Oscar Romero and the radical act of staying put

By Jonathan Wilson-Hartgroveauthor Thirty years ago today Oscar Romero, archbishop of the Roman Catholic church in El Salvador, became a … Continued

By Jonathan Wilson-Hartgrove

Thirty years ago today Oscar Romero, archbishop of the Roman Catholic church in El Salvador, became a martyr for the sake of justice. Although he began as a conservative archbishop, opposed to the progressive liberation theology that was popular among those seeking to help poor farmers in El Salvador, Oscar Romero experienced a radical conversion when his friend, Father Rutillio Grande, was assassinated as a result of his commitment to social justice. Through weekly homilies on national radio, Romero advocated for an end to the repression of El Salvador’s people, thus making himself an enemy of the government and the military. Because of his prophetic witness, Romero became a target of assassination. As he was saying Mass on March 24, 1980, he was shot and killed. “A bishop will die,” Romero had said, foreseeing his own fate, “but the church of God–the people–will not perish.”

The Christian tradition remembers its martyrs not only because they have made the supreme sacrifice for our faith but also because they have something to teach us. In a time when we talk about and long for change we can believe in, one lesson we can learn from Romero’s witness is the radical power of stability.

Though Romero is now remembered as a leader of the people’s movement in El Salvador, he did not come to that role via radical ideas or progressive politics. Romero was a conservative–a safe choice for archbishop when he was elected. But he was a person deeply committed to God and the people God had called him to serve. Prayerfully attending to his people and place, Romero put down roots of love that led him to radical action.

Whatever may be said in praise of stability’s more conservative virtues–its ability to preserve tradition and strengthen the things that remain–those who have practiced stability through the ages attest to its fundamental revolutionary character. Stay put and pay attention–learn to trust God in the place where you are–and you will have a front seat for the revolution that Christian tradition calls conversion. Stability transforms us along with the place where we are. Georges Chopiney, a 20th twentieth-century Benedictine in France, summed up stability’s revolutionary power in this koan:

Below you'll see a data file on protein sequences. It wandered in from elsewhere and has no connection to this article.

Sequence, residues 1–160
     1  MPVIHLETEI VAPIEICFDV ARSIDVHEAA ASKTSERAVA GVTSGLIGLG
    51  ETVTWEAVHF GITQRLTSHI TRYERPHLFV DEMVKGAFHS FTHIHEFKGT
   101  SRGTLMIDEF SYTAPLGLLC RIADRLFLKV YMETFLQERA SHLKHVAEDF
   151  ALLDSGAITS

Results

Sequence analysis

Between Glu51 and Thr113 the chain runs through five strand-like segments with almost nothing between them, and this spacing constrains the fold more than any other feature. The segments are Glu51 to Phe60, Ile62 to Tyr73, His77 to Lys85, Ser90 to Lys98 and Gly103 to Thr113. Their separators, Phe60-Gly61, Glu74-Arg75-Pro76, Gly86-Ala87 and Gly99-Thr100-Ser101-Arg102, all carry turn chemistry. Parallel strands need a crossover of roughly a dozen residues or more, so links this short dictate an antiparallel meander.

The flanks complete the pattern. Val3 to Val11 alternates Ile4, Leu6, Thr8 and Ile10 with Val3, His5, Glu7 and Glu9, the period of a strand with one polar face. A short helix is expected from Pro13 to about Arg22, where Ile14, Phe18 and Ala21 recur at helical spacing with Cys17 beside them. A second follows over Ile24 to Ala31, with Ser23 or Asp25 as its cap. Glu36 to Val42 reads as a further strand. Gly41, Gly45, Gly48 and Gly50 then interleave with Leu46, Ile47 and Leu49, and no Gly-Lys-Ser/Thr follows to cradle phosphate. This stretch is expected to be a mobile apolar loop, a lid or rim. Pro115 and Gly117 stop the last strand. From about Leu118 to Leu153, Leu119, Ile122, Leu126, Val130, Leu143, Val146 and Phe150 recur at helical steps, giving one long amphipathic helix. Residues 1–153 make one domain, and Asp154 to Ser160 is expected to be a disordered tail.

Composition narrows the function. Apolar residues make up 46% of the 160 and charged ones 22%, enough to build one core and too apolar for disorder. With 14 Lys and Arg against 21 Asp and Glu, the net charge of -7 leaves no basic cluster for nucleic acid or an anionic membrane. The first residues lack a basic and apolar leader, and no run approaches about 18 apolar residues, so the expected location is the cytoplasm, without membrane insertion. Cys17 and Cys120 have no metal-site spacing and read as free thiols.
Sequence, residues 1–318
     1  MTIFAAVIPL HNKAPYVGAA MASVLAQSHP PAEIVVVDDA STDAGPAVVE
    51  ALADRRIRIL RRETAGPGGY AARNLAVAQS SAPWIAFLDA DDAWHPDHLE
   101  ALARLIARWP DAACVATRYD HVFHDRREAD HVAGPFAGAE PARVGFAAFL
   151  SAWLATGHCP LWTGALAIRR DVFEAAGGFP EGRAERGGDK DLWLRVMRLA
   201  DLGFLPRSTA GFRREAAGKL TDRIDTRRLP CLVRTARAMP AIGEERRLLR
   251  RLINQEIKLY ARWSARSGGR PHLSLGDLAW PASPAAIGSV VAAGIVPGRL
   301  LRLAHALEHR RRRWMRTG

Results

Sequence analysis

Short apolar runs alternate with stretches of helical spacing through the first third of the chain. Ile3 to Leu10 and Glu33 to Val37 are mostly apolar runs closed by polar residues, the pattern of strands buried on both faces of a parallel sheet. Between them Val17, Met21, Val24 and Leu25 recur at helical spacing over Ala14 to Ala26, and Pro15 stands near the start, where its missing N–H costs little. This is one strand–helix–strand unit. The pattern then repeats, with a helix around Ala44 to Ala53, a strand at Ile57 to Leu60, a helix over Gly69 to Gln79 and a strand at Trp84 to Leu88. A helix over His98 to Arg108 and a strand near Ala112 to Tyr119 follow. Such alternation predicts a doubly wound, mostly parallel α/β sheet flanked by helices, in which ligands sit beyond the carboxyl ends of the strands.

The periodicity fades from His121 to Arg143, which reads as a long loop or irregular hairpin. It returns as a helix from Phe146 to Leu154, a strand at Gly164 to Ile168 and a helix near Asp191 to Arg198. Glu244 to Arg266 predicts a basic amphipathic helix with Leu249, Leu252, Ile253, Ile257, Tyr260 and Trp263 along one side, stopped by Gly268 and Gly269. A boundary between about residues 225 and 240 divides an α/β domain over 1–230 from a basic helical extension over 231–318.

“What a life! What are you doing in your chrysalis!”, asked brother snail, who was cheerfully dragging his shell to the four corners of world. “I am pushing out my wings,” replied the night butterfly from its chrysalis. “You will never have them because they are a gift from God to those who are stable.”

Like brother snail, our hyper-mobile culture mocks stability’s tactic of changing the world by rooting ourselves in the ground beneath our feet and in the God who walked among us. The irony, of course, is that our technological progress drags the shell of human nature, affording us more complex and complicated means of remaining as we always have been. The twentieth century, which began with incredible optimism about the power of nonviolence and the potential for global peace manifest in Gandhi’s independence movement, ended with a greater death toll than any century before it and the threat of nuclear holocaust at the touch of a single button. Though the fall of communism was celebrated by many as the “end of history”–the ultimate victory for democracy and a free market–we are terrified by the 21st twenty-first century’s defectors who would rather blow themselves up than enjoy the pursuit of happiness. Progress has not exorcised all of Cain’s demons. Abel’s blood still cries out from the ground beneath us.

But with Abel’s blood, there is also the blood of martyrs like Romero who call us back to the original revolution–Jesus’ death on the cross. “Only if a seed falls into the ground and dies,” Jesus said, “can it bring forth fruit.” Stability cuts through our self-satisfied complacency with the radical insistence that we can, like sister butterfly, be born again. Marred though it may be, our world has not been abandoned but rather embraced by a God who saves us by refusing to leave the place where we are–by drawing closer, even, to our self-inflicted violence and suffering it on the cross. As the people of El Salvador celebrate peace and the global Christian community remembers one of its martyrs today, may we put down roots in the places where we find ourselves, always attentive to the ways our place is calling us to be born again. As a people who believe God meets us where we are, we know the change we can believe in begins right here.

Jonathan Wilson-Hartgrove is author of “The Wisdom of Stability: Rooting Faith in a Mobile Culture.”

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